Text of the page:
Take action

While it is imperative to work towards a legal solution, also consider making a pledge to count your voice among those who stand against violations of international law.

It’s not just about ‘Change the Date’

26 January is a day of mourning

Words by Adrienne Ringin

As evidenced by the thousands who flocked to rallies in the major cities, changing the date of ‘Australia Day’ is a significant issue for all Australians. January 26th is not a day to recognise national unity;  It’s day to remember Australia’s first peoples who never signed a treaty or ceded their land. It’s day to remember the violence of colonisation which tore cultures and families apart. It’s a day of mourning.

Support for the campaign to Change the Date has increased over recent years. Indigenous voices and allies have been effective at raising awareness throughout all facets of society. Backing from athletes, musicians and even government parties has been attained with various local councils (Yarra, Darebin and Moreland) demonstrating their support by moving citizenship ceremonies to an alternate day. Such success is the result of serious targeted campaigning from dedicated individuals. As understanding increases, it is possible that in the near future, January 26th will be a day commemorated for the right reasons.

Continual advocacy for this particular issue is important but as January 26th has passed for another year, now is the time for all who care about the state of equality in this country to shift energy and re-engage with some other crucial campaigns which have been lost from the public view while the Change the Date campaign was prominent. If the same passion and fervour are ignited for the following issues, there is a greater chance that real, systemic and lasting change will follow.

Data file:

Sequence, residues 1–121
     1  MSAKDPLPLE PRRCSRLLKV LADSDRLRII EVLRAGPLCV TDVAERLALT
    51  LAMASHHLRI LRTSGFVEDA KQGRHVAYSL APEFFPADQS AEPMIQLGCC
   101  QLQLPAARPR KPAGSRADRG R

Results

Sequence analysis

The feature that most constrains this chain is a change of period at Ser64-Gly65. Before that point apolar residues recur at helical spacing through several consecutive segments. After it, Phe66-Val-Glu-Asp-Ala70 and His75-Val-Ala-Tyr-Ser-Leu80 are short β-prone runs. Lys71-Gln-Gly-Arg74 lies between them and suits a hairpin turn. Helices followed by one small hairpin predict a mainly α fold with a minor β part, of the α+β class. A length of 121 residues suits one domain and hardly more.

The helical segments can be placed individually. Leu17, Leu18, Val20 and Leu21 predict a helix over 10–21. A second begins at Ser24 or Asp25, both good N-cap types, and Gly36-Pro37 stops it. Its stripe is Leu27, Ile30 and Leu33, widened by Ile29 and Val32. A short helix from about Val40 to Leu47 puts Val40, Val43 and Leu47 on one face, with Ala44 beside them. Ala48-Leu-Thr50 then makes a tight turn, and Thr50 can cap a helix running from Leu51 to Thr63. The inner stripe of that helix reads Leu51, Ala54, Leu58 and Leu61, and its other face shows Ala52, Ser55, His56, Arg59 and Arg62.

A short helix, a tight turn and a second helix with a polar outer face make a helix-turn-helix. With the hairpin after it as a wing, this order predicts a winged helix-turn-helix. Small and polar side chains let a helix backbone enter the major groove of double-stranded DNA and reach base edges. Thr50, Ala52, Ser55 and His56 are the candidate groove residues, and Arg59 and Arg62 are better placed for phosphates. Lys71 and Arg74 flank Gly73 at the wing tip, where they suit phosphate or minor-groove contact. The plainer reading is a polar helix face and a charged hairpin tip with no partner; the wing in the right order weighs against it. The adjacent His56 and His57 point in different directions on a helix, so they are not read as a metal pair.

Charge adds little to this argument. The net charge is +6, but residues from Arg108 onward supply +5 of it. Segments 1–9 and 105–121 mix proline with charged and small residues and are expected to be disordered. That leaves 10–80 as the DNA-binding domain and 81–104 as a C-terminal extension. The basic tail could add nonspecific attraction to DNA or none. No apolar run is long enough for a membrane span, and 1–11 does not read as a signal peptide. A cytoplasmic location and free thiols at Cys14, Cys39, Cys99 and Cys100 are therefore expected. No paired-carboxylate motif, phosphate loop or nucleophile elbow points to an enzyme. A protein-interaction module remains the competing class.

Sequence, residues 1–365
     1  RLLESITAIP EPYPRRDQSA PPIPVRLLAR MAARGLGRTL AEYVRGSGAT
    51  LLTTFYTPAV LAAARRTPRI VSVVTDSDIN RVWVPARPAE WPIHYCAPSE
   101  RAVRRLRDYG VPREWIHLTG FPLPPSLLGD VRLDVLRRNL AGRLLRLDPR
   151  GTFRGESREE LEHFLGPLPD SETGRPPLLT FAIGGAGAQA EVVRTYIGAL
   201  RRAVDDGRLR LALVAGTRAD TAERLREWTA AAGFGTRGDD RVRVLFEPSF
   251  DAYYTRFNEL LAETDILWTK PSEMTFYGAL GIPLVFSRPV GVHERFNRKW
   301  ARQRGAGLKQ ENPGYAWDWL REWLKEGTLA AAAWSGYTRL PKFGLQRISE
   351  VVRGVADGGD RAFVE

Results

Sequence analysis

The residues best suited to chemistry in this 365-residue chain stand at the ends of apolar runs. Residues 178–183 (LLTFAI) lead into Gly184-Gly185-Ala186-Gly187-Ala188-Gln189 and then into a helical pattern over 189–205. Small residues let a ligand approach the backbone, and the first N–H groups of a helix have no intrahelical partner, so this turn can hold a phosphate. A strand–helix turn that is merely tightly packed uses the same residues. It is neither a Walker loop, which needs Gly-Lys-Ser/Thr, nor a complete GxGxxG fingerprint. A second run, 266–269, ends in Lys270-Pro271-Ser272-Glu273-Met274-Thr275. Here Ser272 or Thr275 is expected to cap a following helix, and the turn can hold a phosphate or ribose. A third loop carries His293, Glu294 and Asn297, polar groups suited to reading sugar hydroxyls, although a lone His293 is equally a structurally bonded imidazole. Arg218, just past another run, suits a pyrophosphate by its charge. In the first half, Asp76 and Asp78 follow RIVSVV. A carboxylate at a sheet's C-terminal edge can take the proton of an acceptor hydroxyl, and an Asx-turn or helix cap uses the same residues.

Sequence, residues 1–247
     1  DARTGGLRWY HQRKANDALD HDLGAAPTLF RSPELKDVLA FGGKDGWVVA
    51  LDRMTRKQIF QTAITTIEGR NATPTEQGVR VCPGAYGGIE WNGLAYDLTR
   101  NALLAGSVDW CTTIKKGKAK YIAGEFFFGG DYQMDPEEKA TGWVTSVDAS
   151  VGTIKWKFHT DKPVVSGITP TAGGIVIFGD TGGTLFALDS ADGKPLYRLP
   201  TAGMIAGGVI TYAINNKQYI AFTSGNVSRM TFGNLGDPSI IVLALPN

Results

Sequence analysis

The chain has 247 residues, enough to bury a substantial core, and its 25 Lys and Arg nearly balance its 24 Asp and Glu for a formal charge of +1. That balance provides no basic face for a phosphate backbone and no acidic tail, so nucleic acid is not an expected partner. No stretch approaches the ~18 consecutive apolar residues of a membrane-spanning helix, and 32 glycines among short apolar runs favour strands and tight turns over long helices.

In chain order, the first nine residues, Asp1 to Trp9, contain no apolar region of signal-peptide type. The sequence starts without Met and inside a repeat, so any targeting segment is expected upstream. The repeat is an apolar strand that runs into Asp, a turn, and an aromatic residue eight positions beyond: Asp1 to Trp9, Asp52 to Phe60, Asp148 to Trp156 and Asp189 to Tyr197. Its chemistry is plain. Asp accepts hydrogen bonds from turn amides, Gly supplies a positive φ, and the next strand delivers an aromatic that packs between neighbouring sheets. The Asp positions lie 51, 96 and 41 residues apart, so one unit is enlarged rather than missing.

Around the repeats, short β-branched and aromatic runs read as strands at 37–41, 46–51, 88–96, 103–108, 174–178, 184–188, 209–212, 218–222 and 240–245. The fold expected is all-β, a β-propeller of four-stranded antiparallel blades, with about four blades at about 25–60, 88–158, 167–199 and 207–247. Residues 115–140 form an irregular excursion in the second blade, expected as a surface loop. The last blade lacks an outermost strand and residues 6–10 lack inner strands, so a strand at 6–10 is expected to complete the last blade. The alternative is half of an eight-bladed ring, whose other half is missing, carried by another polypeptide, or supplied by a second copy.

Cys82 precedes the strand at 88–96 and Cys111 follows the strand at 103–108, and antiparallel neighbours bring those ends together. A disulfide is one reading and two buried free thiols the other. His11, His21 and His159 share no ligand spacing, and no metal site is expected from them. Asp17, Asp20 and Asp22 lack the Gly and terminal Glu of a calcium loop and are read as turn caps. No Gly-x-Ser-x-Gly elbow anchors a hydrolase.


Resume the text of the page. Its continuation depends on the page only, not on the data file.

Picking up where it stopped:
Indigenous Imprisonment Rates

According to the 2016 Census, there are 786, 689 Aboriginal and Torres Strait Islanders currently residing within the territorial borders of Australia. This equates to only 2 per cent of Australia’s entire population. In the correction system however, Aboriginal and Torres Strait Islanders account for 27 per cent of the prisoner population with 76 per cent having experienced previous imprisonment.

This overrepresentation continues in the juvenile justice system. Between 2015-2016 there were 5,500 ten to seventeen-year-olds under youth justice supervisions which includes supervision orders and detention. Aboriginal and Torres Strait Islander children were the majority of both of these categories: Indigenous children made up 49 per cent of those under supervision and 59 per cent of those in detention. Australia made international headlines when the restraint mechanisms used on Dylan Voller were made public, and the Royal Commission into the Protection and Detention of Children in the Northern Territory revealed further stories of systematic abuse and neglect of children in detention.

The inquiries into this state of affairs over the years have been numerous, and in October 2016 George Brandis announced yet another investigation, the Inquiry into Indigenous Incarceration. The final report was tabled in Parliament in March this year but does not reveal anything that was not already well known – Aboriginal and Torres Strait Islander men are 14.7 times more likely to be imprisoned than non-Indigenous men while Aboriginal and Torres Strait Islander women are 21.2 times more likely. What we now must ensure is that the thirty-five recommendations from this inquiry are actually enforced and adequately funded rather than consigning this most recent report to the pile.